Gearing up towards Community-Based Climate Change Program
Ron P. Crisostomo and
Fr. Francis Lucas
Agriculture and Development Notes, 2012, vol. 2, No 3, 2 pages
One of the oldest towns in Quezon, Philippines is Infanta—a first class municipality3 serving as home to a population of more than 60,000. Infanta is located on the eastern coast of the northern island of the Philippines. It directly faces the Pacific Ocean and the Sierra Madre mountain range, which makes it a site vulnerable to hydro-meteorological disasters and sea level rise. For their livelihood, residents of Infanta rely on its agricultural, fisheries, trade, and services sector. On 29 November 2004, tropical depression “Winnie” hit Infanta and its neighboring towns, General Nakar and Real, with an abnormally heavy rainfall. Philippine Atmospheric, Geophysical, and Astronomical Services Administration (PAGASA) - Infanta Weather Station measured a rainfall amount of approximately 372 mm in less than 24 hours. The said heavy rainfall, which was statistically equivalent to 18 days worth of rain in a typically rainy November month, caused massive landslides in the upstream area of the Agos River and eventually, flashfloods that inundated the whole municipality. The disaster left 165 people dead, 11 injured, and more than 4, 000 houses damaged. Public infrastructures and utilities worth PHP 300 M were also ruined. In addition to this, the agricultural sector of Infanta was greatly affected. Damages to crops, livestock, and fisheries amounted to PHP 103.3 M.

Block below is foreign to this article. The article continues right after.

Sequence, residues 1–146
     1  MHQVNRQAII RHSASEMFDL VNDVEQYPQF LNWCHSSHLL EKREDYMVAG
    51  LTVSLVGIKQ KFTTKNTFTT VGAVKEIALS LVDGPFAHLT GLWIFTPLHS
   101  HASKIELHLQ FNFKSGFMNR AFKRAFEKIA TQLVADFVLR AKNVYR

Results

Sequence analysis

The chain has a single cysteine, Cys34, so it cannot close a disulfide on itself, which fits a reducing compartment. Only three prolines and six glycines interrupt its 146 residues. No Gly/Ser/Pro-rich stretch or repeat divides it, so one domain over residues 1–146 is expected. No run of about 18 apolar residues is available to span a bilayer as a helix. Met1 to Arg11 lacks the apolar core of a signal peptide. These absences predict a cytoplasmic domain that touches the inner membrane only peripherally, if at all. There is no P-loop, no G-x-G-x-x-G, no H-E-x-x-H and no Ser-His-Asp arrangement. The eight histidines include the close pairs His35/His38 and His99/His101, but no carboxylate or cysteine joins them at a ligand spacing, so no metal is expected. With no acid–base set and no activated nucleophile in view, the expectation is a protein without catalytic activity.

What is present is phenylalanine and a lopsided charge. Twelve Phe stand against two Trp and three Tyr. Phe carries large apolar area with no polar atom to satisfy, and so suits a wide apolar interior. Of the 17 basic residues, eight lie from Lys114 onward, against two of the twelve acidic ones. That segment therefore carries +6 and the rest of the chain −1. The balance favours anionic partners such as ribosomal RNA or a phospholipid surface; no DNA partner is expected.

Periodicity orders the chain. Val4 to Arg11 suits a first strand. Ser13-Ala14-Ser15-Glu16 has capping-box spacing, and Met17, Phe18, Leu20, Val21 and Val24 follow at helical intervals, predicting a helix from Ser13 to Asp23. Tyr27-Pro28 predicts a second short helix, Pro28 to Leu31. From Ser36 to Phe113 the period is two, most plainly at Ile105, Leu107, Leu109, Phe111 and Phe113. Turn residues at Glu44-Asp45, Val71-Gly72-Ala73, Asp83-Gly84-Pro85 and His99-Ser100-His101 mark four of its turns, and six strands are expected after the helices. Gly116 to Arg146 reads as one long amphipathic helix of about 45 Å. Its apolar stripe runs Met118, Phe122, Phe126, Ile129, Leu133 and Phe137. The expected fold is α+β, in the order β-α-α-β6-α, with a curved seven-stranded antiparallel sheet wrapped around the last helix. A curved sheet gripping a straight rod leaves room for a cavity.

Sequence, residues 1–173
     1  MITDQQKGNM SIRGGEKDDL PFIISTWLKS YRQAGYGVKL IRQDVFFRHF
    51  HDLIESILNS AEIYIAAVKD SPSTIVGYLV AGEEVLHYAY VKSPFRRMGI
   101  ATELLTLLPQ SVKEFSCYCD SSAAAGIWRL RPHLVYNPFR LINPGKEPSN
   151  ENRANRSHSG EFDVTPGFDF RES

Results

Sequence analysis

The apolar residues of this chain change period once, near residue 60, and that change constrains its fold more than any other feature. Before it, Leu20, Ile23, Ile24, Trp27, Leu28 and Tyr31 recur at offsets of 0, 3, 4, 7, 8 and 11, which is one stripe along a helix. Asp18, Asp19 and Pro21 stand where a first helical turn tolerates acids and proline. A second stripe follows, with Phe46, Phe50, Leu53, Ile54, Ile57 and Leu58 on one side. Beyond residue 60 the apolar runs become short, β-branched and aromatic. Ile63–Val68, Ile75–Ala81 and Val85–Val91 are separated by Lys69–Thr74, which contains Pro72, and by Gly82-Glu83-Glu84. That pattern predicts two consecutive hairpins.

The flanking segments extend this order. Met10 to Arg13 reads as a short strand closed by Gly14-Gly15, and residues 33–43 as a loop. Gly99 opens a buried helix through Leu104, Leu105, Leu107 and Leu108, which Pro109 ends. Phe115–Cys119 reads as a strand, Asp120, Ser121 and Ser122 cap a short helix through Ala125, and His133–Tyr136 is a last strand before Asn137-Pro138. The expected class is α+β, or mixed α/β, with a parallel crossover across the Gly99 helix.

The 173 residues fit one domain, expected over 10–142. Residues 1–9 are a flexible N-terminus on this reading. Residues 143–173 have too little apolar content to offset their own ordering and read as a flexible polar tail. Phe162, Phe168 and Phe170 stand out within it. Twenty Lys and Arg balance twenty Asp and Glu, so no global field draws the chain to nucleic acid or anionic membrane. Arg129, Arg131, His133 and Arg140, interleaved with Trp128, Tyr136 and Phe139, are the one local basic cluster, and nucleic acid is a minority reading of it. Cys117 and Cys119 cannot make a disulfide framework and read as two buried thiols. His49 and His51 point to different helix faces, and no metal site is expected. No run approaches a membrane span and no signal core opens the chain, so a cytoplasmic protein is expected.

Keywords: climate change; community based; Infanta; disaster risk management (search for similar items in EconPapers)
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Persistent link: https://EconPapers.repec.org/RePEc:sag:seaadn:2012:123
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